How will we meet the target?

This is all coming down to implementation and financing. And again, these were the real sticking points in Montreal, we are going to need to see a significant mobilisation of resources. There's a $700 billion gap in resources available for conservation to get from where we are to what we think is needed to solve the problem.

Now, countries were very forthcoming with financing at COP and within the new global biodiversity framework. But we're looking at around $30 billion by 2030, not £700 billion. So we're going to have to really see an increase in both public and private financing.

What needs to happen at ground level?

We have lots of prioritisation tools that tell us where the important areas for different forms of nature are, and we should be focussing on those areas first. We should be looking at how we are integrating communities into the management of those areas and how we can ensure that community lands are adequately supported to protect nature. Because that's where I think that great expansion in number is going to come from. It's not going to come from your classic National Park ideas, but from community lands and how they can be supported to protect biodiversity.

To give a tangible example, in the UK we're shifting our subsidy schemes for farming to include nature stewardship as well. So yes, it's for food production, but it's for also protecting nature. So how are we protecting areas that help us meet multiple targets at the same time? So there's lots of detail about planning and prioritisation and support that's going to have to go in into every single country all at the same time. It's quite a job we've got ahead of us.

Do you feel optimistic about the future?

We always talk about a cautious optimism. The presence of the private sector at COP was higher than ever before. Companies have recognised not only the value of looking at nature, but the risks of not looking at nature. That sends a very powerful economic signal and we're starting to really see that shift. Particularly as the private sector pushes, we will see treasuries and finance ministries starting to take stronger note and that's where the shifts really need to happen.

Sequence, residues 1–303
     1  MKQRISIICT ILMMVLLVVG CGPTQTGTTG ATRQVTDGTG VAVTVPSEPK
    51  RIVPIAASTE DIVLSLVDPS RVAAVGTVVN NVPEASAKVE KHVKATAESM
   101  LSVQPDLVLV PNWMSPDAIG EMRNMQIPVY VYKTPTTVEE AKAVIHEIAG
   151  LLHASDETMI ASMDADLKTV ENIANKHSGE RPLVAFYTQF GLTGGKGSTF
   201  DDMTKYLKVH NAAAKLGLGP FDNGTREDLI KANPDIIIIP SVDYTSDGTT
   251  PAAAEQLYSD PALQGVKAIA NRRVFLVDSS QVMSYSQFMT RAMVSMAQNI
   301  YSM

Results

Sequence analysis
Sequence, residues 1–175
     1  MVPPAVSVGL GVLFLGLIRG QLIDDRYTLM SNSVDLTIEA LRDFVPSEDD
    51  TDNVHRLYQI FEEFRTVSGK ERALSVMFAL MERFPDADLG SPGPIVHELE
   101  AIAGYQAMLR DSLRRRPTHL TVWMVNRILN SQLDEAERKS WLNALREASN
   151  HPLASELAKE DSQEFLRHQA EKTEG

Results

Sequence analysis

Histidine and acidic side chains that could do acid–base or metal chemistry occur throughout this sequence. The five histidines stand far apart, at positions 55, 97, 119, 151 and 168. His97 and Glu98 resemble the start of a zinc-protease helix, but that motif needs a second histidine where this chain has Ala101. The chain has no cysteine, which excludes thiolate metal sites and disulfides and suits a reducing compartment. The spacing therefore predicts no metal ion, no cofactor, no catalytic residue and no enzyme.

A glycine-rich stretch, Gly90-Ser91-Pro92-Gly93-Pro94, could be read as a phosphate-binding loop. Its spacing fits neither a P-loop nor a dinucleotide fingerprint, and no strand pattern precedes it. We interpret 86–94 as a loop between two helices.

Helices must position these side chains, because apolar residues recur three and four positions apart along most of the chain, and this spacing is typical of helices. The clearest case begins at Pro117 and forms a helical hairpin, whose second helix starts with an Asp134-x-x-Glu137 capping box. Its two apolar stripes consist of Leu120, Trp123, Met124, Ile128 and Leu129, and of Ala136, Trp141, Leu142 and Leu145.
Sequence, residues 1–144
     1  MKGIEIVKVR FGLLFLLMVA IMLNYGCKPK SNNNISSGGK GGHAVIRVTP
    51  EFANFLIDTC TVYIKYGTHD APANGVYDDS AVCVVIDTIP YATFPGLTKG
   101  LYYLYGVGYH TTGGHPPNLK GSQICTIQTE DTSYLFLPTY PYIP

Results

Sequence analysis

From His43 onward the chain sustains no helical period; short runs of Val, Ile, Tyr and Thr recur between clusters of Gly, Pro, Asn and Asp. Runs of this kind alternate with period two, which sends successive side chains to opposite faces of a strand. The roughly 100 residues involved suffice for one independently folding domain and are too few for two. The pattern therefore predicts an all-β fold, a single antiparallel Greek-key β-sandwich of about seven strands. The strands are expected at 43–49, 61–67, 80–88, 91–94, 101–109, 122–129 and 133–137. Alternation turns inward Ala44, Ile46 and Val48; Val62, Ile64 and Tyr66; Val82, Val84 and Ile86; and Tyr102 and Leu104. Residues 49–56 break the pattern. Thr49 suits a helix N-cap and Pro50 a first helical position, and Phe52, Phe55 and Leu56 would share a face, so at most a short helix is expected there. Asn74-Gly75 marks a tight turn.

And similarly, I think we are seeing nature, sustainability and climate all coming to the fore of people's attention. From that side, I am really optimistic. My children talk to me about the natural environment and know more about their environment than I ever did as a child. The younger generation are getting increasingly critical and asking more questions.

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So we're seeing action happening. We just need to translate that into the resources that have the impact that will then bend the curve of biodiversity loss in ten years’ time. I think we are creating the enabling framework, but we need to hold countries to account to actually make the changes and make them now because we don't really have the time.

Authors

Jason Goodyer
Jason GoodyerCommissioning editor, BBC Science Focus

Jason is the commissioning editor for BBC Science Focus. He holds an MSc in physics and was named Section Editor of the Year by the British Society of Magazine Editors in 2019. He has been reporting on science and technology for more than a decade. During this time, he's walked the tunnels of the Large Hadron Collider, watched Stephen Hawking deliver his Reith Lecture on Black Holes and reported on everything from simulation universes to dancing cockatoos. He looks after the magazine’s and website’s news sections and makes regular appearances on the Instant Genius Podcast.